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Notes & Transcripts

Sermon Series

“Facing the Trials of Life”

Sermon 1 – “Take Heart”

Acts 27:13-44; Mark 4:35-41

Rev. Aaron Kesson

Emmanuel United Methodist Church

June 21, 2009

While driving down the freeway one day, I looked at the car ahead of me and read a bumper sticker that said “Life Happens”.  Maybe you have seen this bumper sticker or another one similar to it but with a word more poignant before the word “happens”.  Either way, I thought about this and came to the conclusion that whoever made that bumper sticker was right.  Life does happen, and sometimes life happens in ways we may not feel ready for.  

Max Lucado in his book, In The Eye of the Storm gives this illustration about life’s challenges: Chippie the parakeet never saw it coming. One second he was peacefully perched in his cage. The next he was sucked in, washed up, and blown over.

The problems began when Chippie's owner decided to clean Chippie's cage with a vacuum cleaner. She removed the attachment from the end of the hose and stuck it in the cage. The phone rang, and she turned to pick it up. She'd barely said "hello" when "ssssopp!" Chippie got sucked in.

The bird owner gasped, put down the phone, turned off the vacuum, and opened the bag. There was Chippie -- still alive, but stunned.

Since the bird was covered with dust and soot, she grabbed him and raced to the bathroom, turned on the faucet, and held Chippie under the running water. Then, realizing that Chippie was soaked and shivering, she did what any compassionate bird owner would do . . . she reached for the hair dryer and blasted the pet with hot air.

Poor Chippie never knew what hit him.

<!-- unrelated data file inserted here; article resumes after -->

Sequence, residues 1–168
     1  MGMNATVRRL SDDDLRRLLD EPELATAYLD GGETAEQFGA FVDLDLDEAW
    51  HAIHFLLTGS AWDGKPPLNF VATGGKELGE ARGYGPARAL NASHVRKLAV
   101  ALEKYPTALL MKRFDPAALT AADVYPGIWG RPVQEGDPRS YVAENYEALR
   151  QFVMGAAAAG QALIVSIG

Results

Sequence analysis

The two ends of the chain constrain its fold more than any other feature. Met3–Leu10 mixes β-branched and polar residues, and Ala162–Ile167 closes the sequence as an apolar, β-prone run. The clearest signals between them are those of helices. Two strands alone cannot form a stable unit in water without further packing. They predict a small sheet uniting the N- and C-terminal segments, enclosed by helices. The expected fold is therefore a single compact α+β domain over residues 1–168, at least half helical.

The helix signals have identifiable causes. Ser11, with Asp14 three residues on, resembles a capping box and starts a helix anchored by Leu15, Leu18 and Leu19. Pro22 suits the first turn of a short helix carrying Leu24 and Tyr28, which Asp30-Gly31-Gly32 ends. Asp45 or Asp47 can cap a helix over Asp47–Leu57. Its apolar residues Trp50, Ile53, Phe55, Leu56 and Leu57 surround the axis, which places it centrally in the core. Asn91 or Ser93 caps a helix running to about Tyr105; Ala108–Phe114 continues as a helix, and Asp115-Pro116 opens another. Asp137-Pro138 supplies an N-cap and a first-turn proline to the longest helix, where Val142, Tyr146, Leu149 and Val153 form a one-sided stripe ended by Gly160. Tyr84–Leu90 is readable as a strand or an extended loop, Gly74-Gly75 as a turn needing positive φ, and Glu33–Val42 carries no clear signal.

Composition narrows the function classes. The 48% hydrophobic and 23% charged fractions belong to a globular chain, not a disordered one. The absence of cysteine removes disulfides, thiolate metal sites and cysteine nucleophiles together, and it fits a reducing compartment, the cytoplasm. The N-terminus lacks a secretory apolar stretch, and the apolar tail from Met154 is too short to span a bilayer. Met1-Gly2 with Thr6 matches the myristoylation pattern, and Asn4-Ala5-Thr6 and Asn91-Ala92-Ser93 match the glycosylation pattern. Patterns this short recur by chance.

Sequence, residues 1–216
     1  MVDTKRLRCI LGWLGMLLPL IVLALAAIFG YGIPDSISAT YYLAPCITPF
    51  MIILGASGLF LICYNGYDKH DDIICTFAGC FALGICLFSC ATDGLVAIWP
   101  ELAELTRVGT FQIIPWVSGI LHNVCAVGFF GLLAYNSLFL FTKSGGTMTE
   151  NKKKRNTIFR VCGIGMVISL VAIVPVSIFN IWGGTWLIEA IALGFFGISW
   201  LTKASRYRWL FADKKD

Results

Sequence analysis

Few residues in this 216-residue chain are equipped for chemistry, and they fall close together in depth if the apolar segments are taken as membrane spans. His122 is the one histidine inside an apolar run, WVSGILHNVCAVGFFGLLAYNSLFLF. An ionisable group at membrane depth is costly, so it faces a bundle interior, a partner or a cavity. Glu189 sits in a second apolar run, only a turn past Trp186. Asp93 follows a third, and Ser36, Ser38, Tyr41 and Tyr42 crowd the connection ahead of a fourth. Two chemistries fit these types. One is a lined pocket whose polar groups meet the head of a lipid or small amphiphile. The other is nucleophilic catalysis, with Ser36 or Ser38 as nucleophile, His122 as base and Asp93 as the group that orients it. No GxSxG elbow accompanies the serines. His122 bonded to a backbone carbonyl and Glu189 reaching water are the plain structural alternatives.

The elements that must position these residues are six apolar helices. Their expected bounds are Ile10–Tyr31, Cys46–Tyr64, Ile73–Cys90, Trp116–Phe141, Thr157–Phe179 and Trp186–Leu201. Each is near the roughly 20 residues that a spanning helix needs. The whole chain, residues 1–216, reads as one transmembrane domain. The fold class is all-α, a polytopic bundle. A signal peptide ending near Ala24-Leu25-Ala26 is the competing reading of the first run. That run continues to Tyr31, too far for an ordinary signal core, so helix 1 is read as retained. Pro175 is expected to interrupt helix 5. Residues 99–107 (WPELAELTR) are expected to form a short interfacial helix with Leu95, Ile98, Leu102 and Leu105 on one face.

A few days after the trauma, the reporter who'd initially written about the event contacted Chippie's owner to see how the bird was recovering. "Well," she replied, "Chippie doesn't sing much anymore -- he just sits and stares."

It's hard not to see why. Sucked in, washed up, and blown over . . . That's enough to steal the song from the stoutest heart.

            Some of us here this morning may be feeling as though we have been sucked in, washed up, and blown over by the trials of life.  No doubt, the feeling of fear the disciples had after having been tossed around on the Sea of Galilee must have been very painful.  Likewise, Paul’s journey to Rome on the prisoner ship was quite eventful, with lots of life’s “happenings”, including a shipwreck.  These accounts demonstrate not only the reality of life’s struggles, but also outline for us today some practical ways of facing life’s trials. 

            Our text from Acts 27 takes place just after Paul had warned the centurion about the impending doom that would await the ship if they were to leave at this particular time.  In verse 9, we see that the time was just after the Fast, or the Day of Atonement, which is Mid-September through October.  This is important because after the Day of Atonement, not many ships would set sail because they knew that months on the water would mean hazardous conditions with a prevailing north-eastern wind (the nor’easter).  Such winds and conditions have led to certain doom for other ships, but the centurion was poised on making due time and reaching Rome so that the prisoners, especially Paul, would be secured.